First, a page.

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USS Mugford (DD-105)

The first of two vessels so named, the USS Mugford (DD-105) served the United States during the years between the world wars. She was named in honor of Captain John Mugford, an officer in the Continental Navy who was killed in action during the American War of Independence.


Mugford was laid down just before Christmas on December 20, 1917, at Union Iron Works in San Francisco, California. Amost a year later, she received her official commission on November 25, 1918, under the command of Lieutenant Commander John H. Everson.

Naval History

Mugford’s first assignment consisted of winter maneuvers out of Guantanamo Bay, Cuba in January of 1919. Following these exercises, she sailed north for coastal operations between New York and Massachusetts. In November of 1919, Mugford departed Newport, Rhode Island, for San Diego, California. Once on the west coast, she undertook new duties in a seaplane division. These were the pioneering days of naval aviation; Mugford’s responsibilities did not involve aircraft carriers as we know them. Rather, as a tender, she engaged in maneuvers alongside the forebears of today’s aircraft carriers. The pioneering service of Mugford and her fellow ships helped to lay the groundwork for the naval air power that would eventually help the United States to win the Second World War.

Mugford’s career ended before WWII began. In June of 1922, she was decommissioned in San Diego. In 1936, the New York-based Schiavone Bonomo Corporation bought her for scrap.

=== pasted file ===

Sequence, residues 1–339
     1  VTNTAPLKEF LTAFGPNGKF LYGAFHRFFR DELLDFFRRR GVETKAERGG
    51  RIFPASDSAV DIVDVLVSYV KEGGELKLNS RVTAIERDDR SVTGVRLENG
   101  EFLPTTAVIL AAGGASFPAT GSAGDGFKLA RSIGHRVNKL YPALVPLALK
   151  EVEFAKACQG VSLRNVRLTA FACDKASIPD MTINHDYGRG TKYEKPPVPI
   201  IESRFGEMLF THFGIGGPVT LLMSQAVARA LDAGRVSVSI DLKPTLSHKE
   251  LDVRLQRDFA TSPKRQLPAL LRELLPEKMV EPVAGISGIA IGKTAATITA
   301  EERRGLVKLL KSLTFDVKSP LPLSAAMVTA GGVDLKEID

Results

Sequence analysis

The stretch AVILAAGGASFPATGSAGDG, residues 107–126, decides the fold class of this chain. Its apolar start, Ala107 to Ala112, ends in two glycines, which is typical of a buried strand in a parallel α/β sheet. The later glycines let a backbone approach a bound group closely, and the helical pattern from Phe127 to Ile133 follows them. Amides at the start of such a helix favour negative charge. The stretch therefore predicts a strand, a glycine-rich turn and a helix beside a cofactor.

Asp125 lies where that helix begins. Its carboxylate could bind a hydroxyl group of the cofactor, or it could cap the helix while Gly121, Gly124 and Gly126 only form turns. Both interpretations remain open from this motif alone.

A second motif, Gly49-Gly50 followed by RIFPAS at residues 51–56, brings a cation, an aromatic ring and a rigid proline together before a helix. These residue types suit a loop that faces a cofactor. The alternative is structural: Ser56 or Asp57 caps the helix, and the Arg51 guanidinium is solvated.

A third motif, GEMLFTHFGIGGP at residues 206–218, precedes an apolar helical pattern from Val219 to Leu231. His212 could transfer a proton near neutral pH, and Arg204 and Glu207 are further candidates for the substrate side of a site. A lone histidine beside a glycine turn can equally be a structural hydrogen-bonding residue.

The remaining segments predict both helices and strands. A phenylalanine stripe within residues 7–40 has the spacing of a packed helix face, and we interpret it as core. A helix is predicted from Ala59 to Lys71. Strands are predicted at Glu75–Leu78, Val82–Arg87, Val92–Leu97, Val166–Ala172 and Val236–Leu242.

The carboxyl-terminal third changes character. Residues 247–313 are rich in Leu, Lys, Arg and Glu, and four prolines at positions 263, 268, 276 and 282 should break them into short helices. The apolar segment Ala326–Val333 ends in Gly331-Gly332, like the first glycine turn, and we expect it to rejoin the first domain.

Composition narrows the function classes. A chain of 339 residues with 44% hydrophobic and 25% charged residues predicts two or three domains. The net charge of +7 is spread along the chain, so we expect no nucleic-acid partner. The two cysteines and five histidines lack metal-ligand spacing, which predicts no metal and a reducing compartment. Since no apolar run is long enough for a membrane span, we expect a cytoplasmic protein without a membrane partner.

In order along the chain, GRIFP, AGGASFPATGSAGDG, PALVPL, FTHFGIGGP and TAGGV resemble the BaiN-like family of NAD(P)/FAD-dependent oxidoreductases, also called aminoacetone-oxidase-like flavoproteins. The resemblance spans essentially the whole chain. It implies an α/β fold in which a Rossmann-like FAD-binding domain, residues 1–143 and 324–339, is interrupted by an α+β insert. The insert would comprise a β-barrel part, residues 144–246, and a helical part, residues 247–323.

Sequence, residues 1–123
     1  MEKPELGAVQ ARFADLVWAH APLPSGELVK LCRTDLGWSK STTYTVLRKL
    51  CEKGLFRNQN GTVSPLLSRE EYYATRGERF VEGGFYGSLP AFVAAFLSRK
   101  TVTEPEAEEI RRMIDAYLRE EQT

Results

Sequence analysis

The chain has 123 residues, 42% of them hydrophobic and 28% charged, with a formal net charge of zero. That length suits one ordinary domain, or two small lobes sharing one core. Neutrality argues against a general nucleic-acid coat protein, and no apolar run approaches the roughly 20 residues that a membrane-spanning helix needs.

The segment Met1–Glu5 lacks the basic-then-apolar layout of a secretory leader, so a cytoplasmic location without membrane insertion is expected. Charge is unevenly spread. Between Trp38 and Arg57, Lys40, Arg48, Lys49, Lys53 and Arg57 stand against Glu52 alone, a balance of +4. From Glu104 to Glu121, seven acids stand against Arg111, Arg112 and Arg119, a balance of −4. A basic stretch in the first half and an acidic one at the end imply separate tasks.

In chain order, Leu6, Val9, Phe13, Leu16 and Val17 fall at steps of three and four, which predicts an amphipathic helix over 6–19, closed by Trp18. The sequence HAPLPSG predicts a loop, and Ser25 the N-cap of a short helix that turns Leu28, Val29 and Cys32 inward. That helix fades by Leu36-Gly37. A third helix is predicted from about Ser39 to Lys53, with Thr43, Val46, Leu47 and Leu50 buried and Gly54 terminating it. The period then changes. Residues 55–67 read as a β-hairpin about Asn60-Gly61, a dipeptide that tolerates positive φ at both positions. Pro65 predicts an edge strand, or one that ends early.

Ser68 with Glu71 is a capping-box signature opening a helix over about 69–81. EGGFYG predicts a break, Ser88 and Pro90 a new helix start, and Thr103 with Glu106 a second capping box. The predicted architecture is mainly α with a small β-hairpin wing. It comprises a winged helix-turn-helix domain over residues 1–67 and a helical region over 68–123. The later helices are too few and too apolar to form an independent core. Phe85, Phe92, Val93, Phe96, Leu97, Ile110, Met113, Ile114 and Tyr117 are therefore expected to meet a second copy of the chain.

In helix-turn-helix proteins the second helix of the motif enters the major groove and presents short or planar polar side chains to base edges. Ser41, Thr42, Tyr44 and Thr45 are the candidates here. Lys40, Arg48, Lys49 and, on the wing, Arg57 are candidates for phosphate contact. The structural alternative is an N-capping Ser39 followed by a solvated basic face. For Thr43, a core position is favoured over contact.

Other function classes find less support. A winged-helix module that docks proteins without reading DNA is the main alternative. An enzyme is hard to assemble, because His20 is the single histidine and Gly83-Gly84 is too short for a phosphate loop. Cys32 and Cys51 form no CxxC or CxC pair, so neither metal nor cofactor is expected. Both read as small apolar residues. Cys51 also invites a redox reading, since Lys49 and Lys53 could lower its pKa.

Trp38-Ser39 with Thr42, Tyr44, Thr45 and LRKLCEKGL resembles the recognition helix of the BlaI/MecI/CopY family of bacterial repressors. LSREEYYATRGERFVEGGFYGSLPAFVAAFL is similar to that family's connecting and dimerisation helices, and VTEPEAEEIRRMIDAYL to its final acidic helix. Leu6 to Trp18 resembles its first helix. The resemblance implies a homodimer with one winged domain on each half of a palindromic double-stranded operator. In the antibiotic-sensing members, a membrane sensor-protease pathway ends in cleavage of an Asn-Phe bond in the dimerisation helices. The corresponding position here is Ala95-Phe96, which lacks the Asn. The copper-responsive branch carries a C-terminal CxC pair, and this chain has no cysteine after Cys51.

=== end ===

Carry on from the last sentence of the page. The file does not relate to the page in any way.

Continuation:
Asbestos Risk on the USS Mugford (DD-105)

Asbestos use increased dramatically in the 1930s, well after Mugford was built. The U.S. Navy is known to have deployed asbestos insulation before many civilian ship builders, and this ship likely contained the mineral throughout her engineering sections, and in many other heat- and fire-sensitive areas. If you served aboard Mugford and later developed mesothelioma, the ship is a likely contributor to your asbestos exposure.

View Sources


Mugford. Dictionary of American Fighting Ships. Retrieved 31 December 2010.

Grossnick, Roy A. “A Test of Strength 1917-1919.” United States Naval Aviation 1910-1995. Retrieved 31 December 2010.

Mesothelioma Cancer Alliance Blog


August 26, 2016
Gary Cohn

Back to School Could Mean Back to Asbestos for Many Students

“More than three decades after the U.S. Environmental Protection Agency (EPA) issued a warning about the dangers of asbestos in American schools, the potential harm to students, teachers, and other school employees continues to exist.”